Post-publication updates

Any changes after the publication are made after a careful consideration by the TSR editorial team and following the guidelines developed by the Committee on Publication Ethics (COPE).

Please, get in contact with the TSR to initiate the discussion.

Version of record

Version of record is the final, definitive, and citeable version of a published article. It includes all article components—title, author, reviewer and handling editor information, abstract, keywords, text, illustrations, tables, references, appendices and any supplemental material.

The version of records should remain extant, exact, and unaltered to the maximum extent possible. After the publication, however, errors could be discovered or concerns of various nature (validity of conclusions, authorship, plagiarism, etc.) expressed. If this leads to any changes in the original article, a new version of records is created, while the previous version is still kept accessible to ensure transparency and traceability.

An example of an article with the version history can be found here.

Article correction

Corrections are the most common type of post-publication changes. Corrections could address issues such as:

  • errors in data or research results
  • insufficient transparency in description of procedures and methods
  • lack of proper attribution or crediting
  • authorship disputes
  • ambiguity of bibliographical data.

A standard practice is that an update to the version of record is accompanied by a Correction notice. The correction notice is published as a stand-alone article in the current journal issue. It contains the link to the updated version of record as well as a detailed description of the changes.

An example of a correction notice can be found here.

In case of very minor corrections (addressing errors not affecting readability and interpretation, such as typos), no separate correction notice is issued. Instead, a footnote is added in the updated article detailing the changes.

Article retraction

An article is retracted when a major error invalidates its conclusions, or when it appears that research or publication misconduct has taken place, such as:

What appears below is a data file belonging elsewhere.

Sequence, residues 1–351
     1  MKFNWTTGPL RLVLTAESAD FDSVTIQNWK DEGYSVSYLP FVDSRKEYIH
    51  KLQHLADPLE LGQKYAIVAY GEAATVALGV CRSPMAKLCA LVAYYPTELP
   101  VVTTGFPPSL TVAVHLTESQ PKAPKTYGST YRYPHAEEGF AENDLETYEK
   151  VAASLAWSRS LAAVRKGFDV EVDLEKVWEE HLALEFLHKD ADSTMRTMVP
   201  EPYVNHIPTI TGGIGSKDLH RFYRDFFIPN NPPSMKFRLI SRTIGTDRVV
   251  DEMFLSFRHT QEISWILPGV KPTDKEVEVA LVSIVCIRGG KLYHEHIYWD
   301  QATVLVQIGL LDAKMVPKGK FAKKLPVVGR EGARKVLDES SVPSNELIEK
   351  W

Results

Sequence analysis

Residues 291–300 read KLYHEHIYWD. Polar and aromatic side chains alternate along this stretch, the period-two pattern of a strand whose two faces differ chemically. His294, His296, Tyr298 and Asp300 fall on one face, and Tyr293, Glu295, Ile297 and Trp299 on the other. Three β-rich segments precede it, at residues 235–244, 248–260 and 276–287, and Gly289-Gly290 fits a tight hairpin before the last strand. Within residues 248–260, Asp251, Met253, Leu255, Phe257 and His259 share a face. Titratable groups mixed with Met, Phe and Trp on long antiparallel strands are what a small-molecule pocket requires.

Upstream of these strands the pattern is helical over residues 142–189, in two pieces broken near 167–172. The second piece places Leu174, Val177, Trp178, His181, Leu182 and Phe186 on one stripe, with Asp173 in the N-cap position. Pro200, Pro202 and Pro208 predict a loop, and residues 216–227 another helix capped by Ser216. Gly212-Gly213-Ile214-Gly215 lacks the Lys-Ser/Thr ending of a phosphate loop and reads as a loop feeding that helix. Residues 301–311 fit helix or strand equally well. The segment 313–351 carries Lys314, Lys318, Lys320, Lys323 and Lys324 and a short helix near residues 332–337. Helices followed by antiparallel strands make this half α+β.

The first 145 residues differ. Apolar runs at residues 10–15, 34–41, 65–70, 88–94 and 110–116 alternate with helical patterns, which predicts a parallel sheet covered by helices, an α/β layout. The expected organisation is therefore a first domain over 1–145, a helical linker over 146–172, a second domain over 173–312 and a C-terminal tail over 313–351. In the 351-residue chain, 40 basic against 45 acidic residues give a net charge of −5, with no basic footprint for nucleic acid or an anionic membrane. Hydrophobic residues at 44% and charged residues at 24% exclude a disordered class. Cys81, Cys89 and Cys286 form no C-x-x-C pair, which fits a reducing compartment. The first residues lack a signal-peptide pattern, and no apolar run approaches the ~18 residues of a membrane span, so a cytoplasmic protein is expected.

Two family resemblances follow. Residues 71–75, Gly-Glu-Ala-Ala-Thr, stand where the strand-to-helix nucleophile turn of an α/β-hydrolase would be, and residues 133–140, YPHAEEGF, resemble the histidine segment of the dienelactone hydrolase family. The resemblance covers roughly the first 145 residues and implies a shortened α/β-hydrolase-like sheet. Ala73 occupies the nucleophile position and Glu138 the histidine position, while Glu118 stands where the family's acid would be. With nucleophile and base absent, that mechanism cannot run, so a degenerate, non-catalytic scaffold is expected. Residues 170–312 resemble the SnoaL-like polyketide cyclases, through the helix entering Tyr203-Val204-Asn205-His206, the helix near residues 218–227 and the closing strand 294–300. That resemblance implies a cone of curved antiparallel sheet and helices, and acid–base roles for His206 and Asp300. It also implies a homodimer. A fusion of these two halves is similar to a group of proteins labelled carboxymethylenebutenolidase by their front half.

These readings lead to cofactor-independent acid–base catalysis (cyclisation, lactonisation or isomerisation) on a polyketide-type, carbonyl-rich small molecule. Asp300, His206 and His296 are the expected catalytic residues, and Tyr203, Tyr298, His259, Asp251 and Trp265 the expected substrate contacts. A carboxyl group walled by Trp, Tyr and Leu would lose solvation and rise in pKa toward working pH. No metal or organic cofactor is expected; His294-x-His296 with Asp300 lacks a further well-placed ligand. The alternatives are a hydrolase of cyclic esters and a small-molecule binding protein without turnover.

• research without required ethical approval
  • fabricated data or manipulated images
  • plagiarism
  • duplicate publication
  • citation manipulation
  • authorship for sale.

A retraction is usually preceded by an investigation performed by the journal editorial team (read more about the procedure for handling allegations of misconduct here). Authors or institutions may request a retraction if they believe their reasons motivate such action.

A retraction is accompanied by a Retraction notice, published as a stand-alone article in the current journal issue. It clearly links to the retracted article, states who initiated the retraction as well as describes the motivation for such decision. The retracted article remains accessible, however it is clearly labelled as ‘retracted’.

In case serious concerns are raised, but the investigation takes considerable time (or its results are inconclusive), an Expression of concern is motivated. The expression of concern is published as a stand-alone article in the current journal issue, clearly links to the article investigated and describes the nature of the concerns.

COPE retraction guidelines can be found here.

Article removal

An article is removed in very limited circumstances where the problems cannot be addressed through retraction or correction, for example:

  • The article contents pose serious risks if acted upon.
  • The content violates the privacy of study participants.
  • The article is defamatory or infringes legal rights.
  • The article is subject to a court order.

In case an article is removed, a Removal notice is published as a stand-alone article in the current journal issue, explaining the circumstances. A similar notice is placed in the original article's place.